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Runaway Thread

Scott Alan
Greenhorn

Joined: Jun 12, 2001
Posts: 4
I was wondering if anyone could possibly shed some light on a runaway thread problem.
I have a logging system where many threads write log messages to a pipe, and a logging thread reads from this pipe, and then writes the message to a file.
During normal operation, this system takes 1-5% of the processor, but occasionally (at unpredictable times) it goes berserk, and takes up 45-55% of the processor, which causes all sorts of problems. When it is in this state, the system (tomcat) must actually be killed (kill -9). This has only started occurring since the addition of the logging system/thread - and so it is my belief that the logging thread somehow gets into a state which causes it to stop reading from the pipe, and whatever it is doing it spiking the processor.
I believe that this has something to do with the FileWriter blocking on write(), or the pipe blocking on read. Of course, I suppose it could also be an odd synchronization problem.
I have been tracking this for a week and I can't seem to find a solution. Does anyone have any ideas?
There is a lot of code in this system, but below are what I believe are the relavent parts...
<code>
protected LogManager()
{
// initialize the pipes
try
{
outPipe = new PipedOutputStream();
inPipe = new PipedInputStream(outPipe);
outBuffer = new BufferedWriter(new OutputStreamWriter(new DataOutputStream(outPipe))); // wrap the pipe with a writer
inBuffer = new BufferedReader(new InputStreamReader(new DataInputStream(inPipe))); // wrap the pipe with a reader
}
catch (Exception ex)
{
System.out.println("Failed to initialize pipes in LogManager constructor");
pipeInitSuccessful = false;
}
}
</code>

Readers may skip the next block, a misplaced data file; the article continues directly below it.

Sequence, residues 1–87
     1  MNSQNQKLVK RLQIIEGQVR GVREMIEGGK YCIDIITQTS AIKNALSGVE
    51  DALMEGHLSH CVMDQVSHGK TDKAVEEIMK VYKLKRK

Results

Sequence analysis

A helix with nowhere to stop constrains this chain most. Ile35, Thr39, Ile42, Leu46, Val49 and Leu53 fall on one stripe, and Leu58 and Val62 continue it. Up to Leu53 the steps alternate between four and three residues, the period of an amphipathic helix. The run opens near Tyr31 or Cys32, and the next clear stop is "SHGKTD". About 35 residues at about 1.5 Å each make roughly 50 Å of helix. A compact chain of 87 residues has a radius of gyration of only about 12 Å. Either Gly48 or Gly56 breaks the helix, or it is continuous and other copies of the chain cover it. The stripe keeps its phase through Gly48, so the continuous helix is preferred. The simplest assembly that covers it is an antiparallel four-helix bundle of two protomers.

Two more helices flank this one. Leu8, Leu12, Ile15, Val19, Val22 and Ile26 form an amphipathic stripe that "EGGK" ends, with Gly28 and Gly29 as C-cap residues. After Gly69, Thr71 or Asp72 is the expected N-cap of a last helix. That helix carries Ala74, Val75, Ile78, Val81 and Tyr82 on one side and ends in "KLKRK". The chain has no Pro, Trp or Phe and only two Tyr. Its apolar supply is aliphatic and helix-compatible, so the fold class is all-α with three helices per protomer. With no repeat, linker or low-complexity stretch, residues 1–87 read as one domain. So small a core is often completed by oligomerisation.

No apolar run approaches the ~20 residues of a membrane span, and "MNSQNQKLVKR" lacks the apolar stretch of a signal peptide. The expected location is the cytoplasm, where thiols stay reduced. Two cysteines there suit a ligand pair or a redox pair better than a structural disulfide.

This is the method used by client threads to write to the log..
<code>
public static void log(int logLevel, String sourceClass, String sourceMethod, String msg)
{
try
{
if (!isInitialized()) { return; } // ensure the logger is ready for a message before sending one
try { sleep(3); } // force main thread to sleep in case it is hogging processor
catch (Exception ex) { } // the thread was interrupted while it was sleeping
// check if there are newlines, replace them with ~ if found, so they can be xferred via pipe
msg = cleanString(msg);
sourceClass = cleanString(sourceClass);
sourceMethod = cleanString(sourceMethod);
synchLog(logLevel, sourceClass, sourceMethod, msg); // all signs say go for logging to the pipe
}
catch (Exception ex)
{
// print an error and stop any further log messages
System.out.println("LogManager.log(): exception thrown trying to log message" + ex);
setInitialized(false);
}
}
public static synchronized void synchLog(int logLevel, String sourceClass, String sourceMethod, String msg)
{
try
{
outBuffer.write(String.valueOf(logLevel) + "\n"); // send the log level to the log manager
outBuffer.write(sourceClass + "\n"); // send the source class to the log manager
outBuffer.write(sourceMethod + "\n"); // send the source method to the log manager
outBuffer.write(msg + "\n"); // send the message to the log manager
outBuffer.flush(); // flush to make sure that the values are written to the pipe
}
catch (Exception ex)
{
// print an error and stop any further log messages
System.out.println("LogManager.synchLog(): exception thrown trying to write to pipe " + ex);